church. Says he feels differently toward me from anybody else, and 
was so happy when I was elected. 

March 10. — It was very affecting this afternoon that Rev. J. A. 
Brindle, who received me into the church, came to talk with me 
about his appointment. 

Dr. Robert W. Todd writes : 

In the Cabinet meetings at Middletown he showed great anxiety 
to be just and kind to all concerned, advising us to confer freely 
with pastors where changes were deemed necessary, so as to avoid, 
if possible, the friction of disagreeable surprise, and secure loyal 
acquiescence all around. His presidency was both dignified and 
kindly, and his general official demeanor was that of a man dominated 
by the consciousness of a Heaven-imposed responsibility. While 
Bishop Hurst was a greater scholar than orator, there were times when 
his fire-touched lips poured forth a message of exquisite sweetness 
and wonderful power. 

Before holding the Newark Conference he spent Sunday 
at Elizabethport with his former congregation in Fulton Street 
Church. It was a special occasion, and they raised sixteen 
hundred dollars to pay all their debts. From Newark on 
March 30 he writes Mrs. Hurst : 

Dr. Locke, of Illinois, writes me he has sent a copy of Reynolds's 
Life and Times, of Illinois. Did it get to you? If so, it is a great 
find, and worth $13 — old as it looks, long out of print, and has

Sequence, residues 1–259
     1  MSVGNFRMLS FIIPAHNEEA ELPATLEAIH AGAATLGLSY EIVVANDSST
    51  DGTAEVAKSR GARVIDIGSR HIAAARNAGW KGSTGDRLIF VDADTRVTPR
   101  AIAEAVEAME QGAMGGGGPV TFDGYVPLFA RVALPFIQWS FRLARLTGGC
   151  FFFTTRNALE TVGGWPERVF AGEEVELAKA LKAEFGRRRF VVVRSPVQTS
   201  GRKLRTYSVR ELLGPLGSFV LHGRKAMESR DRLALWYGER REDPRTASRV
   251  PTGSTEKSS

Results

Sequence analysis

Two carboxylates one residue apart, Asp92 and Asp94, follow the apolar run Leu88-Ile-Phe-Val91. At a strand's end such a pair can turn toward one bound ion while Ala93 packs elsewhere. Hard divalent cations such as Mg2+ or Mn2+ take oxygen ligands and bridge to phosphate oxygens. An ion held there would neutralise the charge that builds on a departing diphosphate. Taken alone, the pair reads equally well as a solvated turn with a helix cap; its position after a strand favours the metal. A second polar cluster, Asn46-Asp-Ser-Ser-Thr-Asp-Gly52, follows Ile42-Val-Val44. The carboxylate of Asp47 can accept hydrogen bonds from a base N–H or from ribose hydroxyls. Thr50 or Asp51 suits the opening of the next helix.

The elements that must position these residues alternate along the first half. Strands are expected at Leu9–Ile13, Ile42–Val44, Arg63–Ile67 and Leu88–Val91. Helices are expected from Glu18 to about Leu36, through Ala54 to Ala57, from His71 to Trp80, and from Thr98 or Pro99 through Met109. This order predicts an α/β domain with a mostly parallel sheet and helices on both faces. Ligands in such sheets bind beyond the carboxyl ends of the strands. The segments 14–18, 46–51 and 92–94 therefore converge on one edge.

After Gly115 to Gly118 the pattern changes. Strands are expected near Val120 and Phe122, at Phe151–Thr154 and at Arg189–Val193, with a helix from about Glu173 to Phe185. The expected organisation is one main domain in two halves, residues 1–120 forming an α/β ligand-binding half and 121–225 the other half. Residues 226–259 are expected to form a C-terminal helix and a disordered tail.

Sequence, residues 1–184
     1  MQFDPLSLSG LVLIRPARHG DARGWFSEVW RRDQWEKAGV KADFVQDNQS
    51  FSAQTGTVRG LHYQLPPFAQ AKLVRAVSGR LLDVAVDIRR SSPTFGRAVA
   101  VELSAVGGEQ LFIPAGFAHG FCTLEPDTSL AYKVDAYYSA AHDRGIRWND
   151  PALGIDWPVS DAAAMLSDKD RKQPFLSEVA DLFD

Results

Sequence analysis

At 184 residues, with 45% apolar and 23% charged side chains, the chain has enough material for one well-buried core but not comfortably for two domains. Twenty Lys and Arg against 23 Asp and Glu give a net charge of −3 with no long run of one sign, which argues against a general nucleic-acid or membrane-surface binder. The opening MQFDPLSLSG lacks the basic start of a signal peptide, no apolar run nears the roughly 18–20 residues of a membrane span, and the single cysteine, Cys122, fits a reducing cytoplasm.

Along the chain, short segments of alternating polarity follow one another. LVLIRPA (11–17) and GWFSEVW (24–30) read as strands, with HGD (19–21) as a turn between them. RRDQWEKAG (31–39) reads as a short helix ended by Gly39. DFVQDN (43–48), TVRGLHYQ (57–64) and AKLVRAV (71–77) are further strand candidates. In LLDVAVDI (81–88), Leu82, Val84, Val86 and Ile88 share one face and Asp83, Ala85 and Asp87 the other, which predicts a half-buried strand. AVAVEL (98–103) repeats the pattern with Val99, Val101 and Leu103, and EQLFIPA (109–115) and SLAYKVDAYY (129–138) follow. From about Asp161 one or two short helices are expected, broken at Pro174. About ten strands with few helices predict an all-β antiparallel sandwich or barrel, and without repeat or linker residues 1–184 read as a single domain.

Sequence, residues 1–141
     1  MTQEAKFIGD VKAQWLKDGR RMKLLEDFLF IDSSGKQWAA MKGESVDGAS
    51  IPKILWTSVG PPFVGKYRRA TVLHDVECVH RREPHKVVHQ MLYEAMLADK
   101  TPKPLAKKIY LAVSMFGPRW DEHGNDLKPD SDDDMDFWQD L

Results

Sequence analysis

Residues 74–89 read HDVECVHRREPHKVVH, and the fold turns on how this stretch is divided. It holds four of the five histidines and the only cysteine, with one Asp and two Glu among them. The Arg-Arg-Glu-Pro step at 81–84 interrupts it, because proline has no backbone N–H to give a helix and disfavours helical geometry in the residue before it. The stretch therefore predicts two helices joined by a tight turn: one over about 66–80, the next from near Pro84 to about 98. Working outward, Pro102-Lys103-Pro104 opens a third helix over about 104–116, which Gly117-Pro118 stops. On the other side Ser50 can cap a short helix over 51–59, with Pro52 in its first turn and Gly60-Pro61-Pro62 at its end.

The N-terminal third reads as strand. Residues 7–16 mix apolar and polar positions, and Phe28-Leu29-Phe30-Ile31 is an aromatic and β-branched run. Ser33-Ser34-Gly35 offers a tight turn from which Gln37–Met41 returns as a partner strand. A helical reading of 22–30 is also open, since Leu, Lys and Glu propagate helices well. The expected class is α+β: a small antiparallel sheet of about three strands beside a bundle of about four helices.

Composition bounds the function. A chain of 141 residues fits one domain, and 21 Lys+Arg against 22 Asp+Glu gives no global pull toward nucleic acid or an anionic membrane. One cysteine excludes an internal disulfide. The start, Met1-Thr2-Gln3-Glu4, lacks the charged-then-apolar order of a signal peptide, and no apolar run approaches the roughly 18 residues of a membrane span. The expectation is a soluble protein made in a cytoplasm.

matter no other book has about the Suckers of Illinois. 

D. B. F. Randolph writes : 


The urbane and scholarly manner in which, at the Newark Con- 
ference of 1882, he received the visiting East German Conference 
then assembled in the same city, speaking both in German and in 
English, excited universal comment and admiration on the part of 
both bodies. 

Note on Jane Welsh Carlyle 243 

At the close of the Wyoming Conference, says Dr. J. E. 
Smith : 

He came to Scranton, Pennsylvania, where I was then stationed. 
He was to take the midnight train for the West. As my guest for 
a few hours, I hoped for a good long chat with him. But he was then 
at work on his Bibliography. As soon as he entered my library he 
began to examine my books. I could get nothing out of him. Flat 
on the floor, he pulled down volume after volume until it was time to 
start for the train. After the work of the Conference he seemed to be 
as fresh as a boy. 

On April 16 he preached by invitation before the Cornell 
University at Ithaca, New York, and on May 7 at Garrett